Source: Cashmoneys
Price: £11.39
Where To Get It: Steam

Sometimes, Destiny is kind. Other times, I seem fated to look at unenjoyable things. At the present time, at least, Destiny or Fate, unfortunately, is the latter. Not that there isn’t a chance, as the basic idea, that of a turn based card battler, has been proven to work several times.

Kyle, Strider Hiryu’s lesser known, angstier brother.

The thing is, DoF is swingy as heck. When it goes well, it goes well. And when it doesn’t, it’s a tiresome, unenjoyable slog. And there’s a few potential reasons for this.

The basic idea is fine: Move between areas clearly labelled as normal fights, elite fights, shops, events, and bosses. If it’s a fight of some description, you get 3 mana a turn to play cards, and playing cards of the same type as currently unlit orbs on your character’s status gives energy for a special ability, which triggers when it’s full. Win a fight, you get rewarded with a couple of different types of currency, a new card for your deck, and a monster to add to your party from the ones you fought. At the shop, you can buy and upgrade cards, unlock heroes after you’ve met them in events, and upgrade both your hero and your captive monsters. Beat the boss to go to the next area, and no, you don’t get to buy the boss.

Skellington McSpikeyArmour here pretty much emblemises the problems. That 70 defence is going to take a while to get through, and he’s going to be doing X% of Max HP attacks in the meantime…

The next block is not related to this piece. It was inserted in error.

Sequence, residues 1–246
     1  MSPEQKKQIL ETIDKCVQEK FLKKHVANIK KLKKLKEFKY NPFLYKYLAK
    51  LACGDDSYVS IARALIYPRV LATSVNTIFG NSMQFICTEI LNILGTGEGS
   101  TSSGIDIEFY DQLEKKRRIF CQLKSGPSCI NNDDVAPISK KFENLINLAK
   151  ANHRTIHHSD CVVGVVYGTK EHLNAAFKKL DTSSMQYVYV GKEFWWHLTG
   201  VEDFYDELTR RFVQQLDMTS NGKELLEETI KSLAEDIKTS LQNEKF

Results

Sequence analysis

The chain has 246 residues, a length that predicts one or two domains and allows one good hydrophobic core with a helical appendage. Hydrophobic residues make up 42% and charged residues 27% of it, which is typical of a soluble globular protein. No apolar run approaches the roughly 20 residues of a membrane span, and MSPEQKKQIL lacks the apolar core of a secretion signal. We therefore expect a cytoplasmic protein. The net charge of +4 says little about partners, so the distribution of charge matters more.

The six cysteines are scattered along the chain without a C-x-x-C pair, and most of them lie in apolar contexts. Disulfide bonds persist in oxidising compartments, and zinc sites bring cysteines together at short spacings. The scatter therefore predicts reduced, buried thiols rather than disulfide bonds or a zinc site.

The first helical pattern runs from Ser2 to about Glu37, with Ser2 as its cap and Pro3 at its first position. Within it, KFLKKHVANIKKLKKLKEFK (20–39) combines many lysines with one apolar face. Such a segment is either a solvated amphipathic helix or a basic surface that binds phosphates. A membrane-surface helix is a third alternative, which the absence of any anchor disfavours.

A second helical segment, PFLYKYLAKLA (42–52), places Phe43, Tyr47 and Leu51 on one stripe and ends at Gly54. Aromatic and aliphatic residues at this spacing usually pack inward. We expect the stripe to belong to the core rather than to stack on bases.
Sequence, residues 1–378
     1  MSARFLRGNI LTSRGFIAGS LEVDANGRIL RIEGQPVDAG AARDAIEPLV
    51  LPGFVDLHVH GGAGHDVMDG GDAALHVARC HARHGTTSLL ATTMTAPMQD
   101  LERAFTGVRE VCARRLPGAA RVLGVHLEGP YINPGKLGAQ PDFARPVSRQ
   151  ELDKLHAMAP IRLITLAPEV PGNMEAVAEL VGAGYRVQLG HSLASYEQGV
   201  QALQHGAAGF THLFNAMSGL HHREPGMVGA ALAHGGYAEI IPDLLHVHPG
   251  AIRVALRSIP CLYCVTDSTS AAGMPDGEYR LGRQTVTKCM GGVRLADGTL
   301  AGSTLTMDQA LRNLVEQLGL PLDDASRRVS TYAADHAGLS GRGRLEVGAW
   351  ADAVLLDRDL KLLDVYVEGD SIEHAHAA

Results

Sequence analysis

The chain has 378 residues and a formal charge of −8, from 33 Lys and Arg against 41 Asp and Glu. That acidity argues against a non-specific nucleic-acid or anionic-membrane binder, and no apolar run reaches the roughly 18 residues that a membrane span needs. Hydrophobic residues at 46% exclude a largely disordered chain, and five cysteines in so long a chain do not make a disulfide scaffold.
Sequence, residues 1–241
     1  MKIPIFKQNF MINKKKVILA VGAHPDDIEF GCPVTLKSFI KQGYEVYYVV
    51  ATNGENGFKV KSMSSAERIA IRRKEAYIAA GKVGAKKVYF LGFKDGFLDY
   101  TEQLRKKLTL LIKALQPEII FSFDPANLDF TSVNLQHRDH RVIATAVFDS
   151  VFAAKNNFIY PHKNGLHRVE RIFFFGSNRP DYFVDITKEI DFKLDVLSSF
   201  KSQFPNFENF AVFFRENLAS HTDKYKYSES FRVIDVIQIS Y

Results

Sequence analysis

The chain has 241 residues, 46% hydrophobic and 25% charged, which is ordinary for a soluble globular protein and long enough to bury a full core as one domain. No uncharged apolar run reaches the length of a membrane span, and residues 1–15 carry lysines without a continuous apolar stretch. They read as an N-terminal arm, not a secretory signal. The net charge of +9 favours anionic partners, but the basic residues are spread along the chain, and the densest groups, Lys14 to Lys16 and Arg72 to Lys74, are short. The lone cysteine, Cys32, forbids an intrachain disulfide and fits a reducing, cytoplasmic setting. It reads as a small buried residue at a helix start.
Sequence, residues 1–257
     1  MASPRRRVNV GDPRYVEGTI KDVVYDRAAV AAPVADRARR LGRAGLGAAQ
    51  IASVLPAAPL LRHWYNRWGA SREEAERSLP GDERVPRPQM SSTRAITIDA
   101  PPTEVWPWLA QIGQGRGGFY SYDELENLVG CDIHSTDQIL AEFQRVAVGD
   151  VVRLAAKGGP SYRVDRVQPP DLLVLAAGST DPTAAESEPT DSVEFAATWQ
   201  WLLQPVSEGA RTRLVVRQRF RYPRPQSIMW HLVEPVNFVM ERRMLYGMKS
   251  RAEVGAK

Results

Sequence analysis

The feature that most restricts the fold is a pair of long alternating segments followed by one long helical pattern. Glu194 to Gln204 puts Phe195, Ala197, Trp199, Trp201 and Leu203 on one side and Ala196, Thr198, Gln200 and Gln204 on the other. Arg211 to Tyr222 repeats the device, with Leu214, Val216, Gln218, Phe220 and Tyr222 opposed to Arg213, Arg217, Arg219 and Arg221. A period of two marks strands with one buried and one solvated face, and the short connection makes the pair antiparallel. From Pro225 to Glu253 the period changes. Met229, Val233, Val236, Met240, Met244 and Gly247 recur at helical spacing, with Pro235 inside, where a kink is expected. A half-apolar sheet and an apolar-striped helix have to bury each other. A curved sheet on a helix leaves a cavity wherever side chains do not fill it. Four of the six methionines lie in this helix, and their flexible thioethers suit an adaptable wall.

All this would be fine, if each individual step didn’t have problems with it. 3 mana a turn means a max of 3 cards (This is assuming you’re not inflicted with a card cost status effect) a turn, which makes fights go on. This, in and of itself, wouldn’t be so bad if the rewards were better, but, often, they aren’t that great. Special abilities, theoretically, encourage you to mix and match defence and offence, but a fair few special abilities are, basically, extra attacks. The ones that aren’t vary wildly in effectiveness, from poison being pretty weak, to powerful frailty effects that double damage. Speaking of rewards, the shops are expensive, and multiple battles are needed to be able to afford a single card or upgrade. This, again, wouldn’t be a problem, except that bosses are mean, and going into a boss fight without a good deck, a full, preferably half health or above party, and some nasty special abilities is basically a losing proposition… But going round the map to collect things is not only grindy, the success of that plan depends on the fights going well. Of the boss abilities, the “X% of Max HP all attacks” definitely seem to be the most common run-killers, because without good defensive cards, that one’s pretty much “Someone or multiple someones just die. Thanks for playing!”